August 17, 2006

Have they found the mythical "pit bull"?

Anyone who follows the fight against breed-specific legislation is well aware of one of the main complaints about laws aimed at the most targeted type of dog, the issue being that there is no such thing as a "pit bull".

The argument goes something like this:

First, you take some or all of five or so purebred breeds and you list them.

Then, because there are only a small number of purebred dogs of this type and because the owners of purebred dogs tend to keep hold of them and not let them run around biting people, you add a phrase such as "substantially similar" or "with similar physical characteristics", to include as many dogs as possible in the hopes of catching the few that bite.

The purebred dogs and the many mixed-breed mutts that fit the catch-all phrase can now be referred to by a single identifier: "pit bull".

In addition, we have the media representation and public perception of the dreaded "pit bull" as, essentially, any medium to large sized dog that is even remotely muscular and that has attacked, bitten, nipped, threatened, barked, run loose, charged a fence, played rough, or has, in some person's opinion, caused someone, somewhere, some concern or fear.

Many members of the public have never even seen a purebred dog of the targeted breeds. In Ontario, there are a minute number of these dogs born each year to breeders registered with the CKC, the AKC, the UKC, or the ADBA. If someone has seen a dog he thought was a "pit bull", it is most likely to have been a backyard-bred mutt of unknown lineage. The bigger the dog is, the more muscular the dog is, AND, most importantly, the more out-of-control or aggressive the dog is, the more likely it is that the uneducated, media-misinformed person will identify the dog as a "pit bull".

Eventually, through selective and inflammatory stories in the media, with the help of politicians' carefully crafted sound bites, the phrase "pit bull" begins to represent a mythical creature of legendary strength with a ferocity unrivaled in the animal world. The very words strike terror into the hearts of those who have never seen, touched, played with, or slept with one.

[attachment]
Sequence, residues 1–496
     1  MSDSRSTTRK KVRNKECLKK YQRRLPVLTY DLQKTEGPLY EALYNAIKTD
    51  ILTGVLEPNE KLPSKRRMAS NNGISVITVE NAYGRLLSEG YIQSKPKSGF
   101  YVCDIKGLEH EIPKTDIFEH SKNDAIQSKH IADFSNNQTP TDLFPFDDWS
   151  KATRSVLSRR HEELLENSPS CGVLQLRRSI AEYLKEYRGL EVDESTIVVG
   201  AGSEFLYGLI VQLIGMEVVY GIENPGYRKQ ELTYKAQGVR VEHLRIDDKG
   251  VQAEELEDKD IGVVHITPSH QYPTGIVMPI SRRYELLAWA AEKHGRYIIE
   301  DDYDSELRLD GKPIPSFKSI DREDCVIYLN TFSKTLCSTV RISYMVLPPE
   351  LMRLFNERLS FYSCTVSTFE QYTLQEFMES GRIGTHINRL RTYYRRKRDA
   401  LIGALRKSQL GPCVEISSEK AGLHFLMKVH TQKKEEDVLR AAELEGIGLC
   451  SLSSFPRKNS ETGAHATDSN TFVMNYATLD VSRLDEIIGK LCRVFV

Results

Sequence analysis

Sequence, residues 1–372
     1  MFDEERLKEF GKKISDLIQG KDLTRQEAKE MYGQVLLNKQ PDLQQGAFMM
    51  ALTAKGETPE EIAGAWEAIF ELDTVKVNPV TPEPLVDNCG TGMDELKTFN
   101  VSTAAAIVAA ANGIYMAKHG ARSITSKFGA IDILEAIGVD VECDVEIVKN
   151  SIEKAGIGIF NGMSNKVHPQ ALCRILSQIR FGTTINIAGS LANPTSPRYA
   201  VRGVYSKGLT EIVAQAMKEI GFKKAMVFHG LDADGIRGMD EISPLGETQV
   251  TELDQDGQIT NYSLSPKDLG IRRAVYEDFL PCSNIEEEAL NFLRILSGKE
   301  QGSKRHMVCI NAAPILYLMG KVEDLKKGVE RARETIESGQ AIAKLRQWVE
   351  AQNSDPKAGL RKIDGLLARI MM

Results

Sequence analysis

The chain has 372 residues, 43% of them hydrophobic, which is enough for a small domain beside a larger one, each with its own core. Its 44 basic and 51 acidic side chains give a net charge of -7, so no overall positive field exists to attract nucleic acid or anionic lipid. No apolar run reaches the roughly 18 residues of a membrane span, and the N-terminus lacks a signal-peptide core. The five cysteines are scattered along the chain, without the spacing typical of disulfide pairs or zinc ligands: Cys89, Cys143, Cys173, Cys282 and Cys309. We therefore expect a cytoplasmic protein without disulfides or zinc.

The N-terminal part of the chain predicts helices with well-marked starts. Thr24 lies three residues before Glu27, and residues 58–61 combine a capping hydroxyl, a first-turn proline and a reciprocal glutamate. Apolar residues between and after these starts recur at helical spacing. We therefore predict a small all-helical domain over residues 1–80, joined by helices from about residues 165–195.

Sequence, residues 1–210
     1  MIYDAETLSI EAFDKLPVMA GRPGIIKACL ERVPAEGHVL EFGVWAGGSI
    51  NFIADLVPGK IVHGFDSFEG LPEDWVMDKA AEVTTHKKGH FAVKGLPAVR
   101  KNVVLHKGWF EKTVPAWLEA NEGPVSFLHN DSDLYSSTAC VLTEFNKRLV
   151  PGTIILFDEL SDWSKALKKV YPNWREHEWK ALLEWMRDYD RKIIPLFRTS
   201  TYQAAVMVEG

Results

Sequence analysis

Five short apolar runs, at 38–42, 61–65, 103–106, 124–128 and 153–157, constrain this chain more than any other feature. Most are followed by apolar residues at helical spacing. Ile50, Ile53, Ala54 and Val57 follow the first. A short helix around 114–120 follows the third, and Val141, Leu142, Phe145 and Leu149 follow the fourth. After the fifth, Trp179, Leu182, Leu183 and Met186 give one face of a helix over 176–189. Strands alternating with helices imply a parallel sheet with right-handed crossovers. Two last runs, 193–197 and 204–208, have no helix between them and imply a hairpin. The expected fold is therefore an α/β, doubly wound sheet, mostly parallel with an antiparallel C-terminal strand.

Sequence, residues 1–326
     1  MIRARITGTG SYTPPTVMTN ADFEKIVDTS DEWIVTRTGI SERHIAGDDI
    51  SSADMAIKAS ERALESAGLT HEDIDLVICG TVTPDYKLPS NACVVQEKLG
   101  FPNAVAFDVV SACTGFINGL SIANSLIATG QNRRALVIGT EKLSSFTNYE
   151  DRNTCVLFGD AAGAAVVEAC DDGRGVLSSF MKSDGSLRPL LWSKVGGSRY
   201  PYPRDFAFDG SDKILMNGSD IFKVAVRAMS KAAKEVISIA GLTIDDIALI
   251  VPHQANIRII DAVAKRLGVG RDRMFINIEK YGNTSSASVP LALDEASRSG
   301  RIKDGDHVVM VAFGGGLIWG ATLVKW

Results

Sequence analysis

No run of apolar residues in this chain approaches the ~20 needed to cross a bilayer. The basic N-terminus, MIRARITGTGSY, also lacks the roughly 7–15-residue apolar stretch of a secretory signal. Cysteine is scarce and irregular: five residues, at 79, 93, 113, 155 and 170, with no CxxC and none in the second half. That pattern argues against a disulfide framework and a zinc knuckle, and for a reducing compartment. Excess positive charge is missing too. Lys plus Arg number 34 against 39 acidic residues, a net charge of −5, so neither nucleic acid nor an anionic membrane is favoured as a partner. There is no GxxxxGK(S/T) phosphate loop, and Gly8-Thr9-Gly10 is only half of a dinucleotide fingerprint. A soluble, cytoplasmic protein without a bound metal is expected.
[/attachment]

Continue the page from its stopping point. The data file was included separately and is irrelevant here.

Some of the phrases used by politicians and gobbled up by the media (and eventually the public) are:

  • ticking time bombs
  • inherently dangerous animals
  • terrorizing the neighbourhood
  • 150 pound beast knocking a fence over and charging kids
  • eaten alive from the ankles up
  • we cannot have these animals walking the streets
  • it is a breed apart
  • this is far more "bull" than "pet"
  • locking jaws
  • extra endorphin in the brain
  • bred to kill
  • something has to be done about these dogs
  • afraid of nothing
  • something is wrong with people who own "pit bulls"
  • when they attack, they don't stop
  • assault weapons of the canine world
  • kids are being killed

In Ontario, every one of these phrases has been used by a politician or a reporter, yet not one has ever been backed up by facts or statistics, not even once. Each of these statements was simply launched, heard, and accepted, without question.

I believe, however, that we have finally solved the mystery of the mythical "pit bull". A strange beast has been found, dead, in Turner, Maine. It had been terrorizing the neighbourhood for years, killing pets and frightening residents. On one occasion, a lady even managed to "lock eyes" with the beast for a few seconds.

Here are some of the descriptions from the original article:

  • mysterious creature
  • mauled dogs
  • frightened residents
  • subject of local legend
  • hybrid mutant of something
  • evil, evil looking
  • horrible stench
  • half-rodent, half-dog
  • curled fangs hanging over its lips
  • something out of a Stephen King story
  • this is something I've never seen before ... it's an evil-looking thing
  • chilling monstrous cries
  • eyes that glow in the night
  • killed a Doberman and a Rottweiler
  • mystery monster that roams the woods

Wow, I think it really is the missing "pit bull"! Nobody can define it, but everyone knows one when they see it.

Read the whole story for yourself here (including a picture of the dead beast).

It's a shame that Maine wildlife officials and animal control officers declined to pick up the body and do an autopsy, as well as take measurements and photographs. A brain scan and a physical analysis of the jaw would also have been appropriate.

Enforcement officials across the continent could have used this data to compare to that of confiscated dogs in order to determine if they really are "pit bulls".

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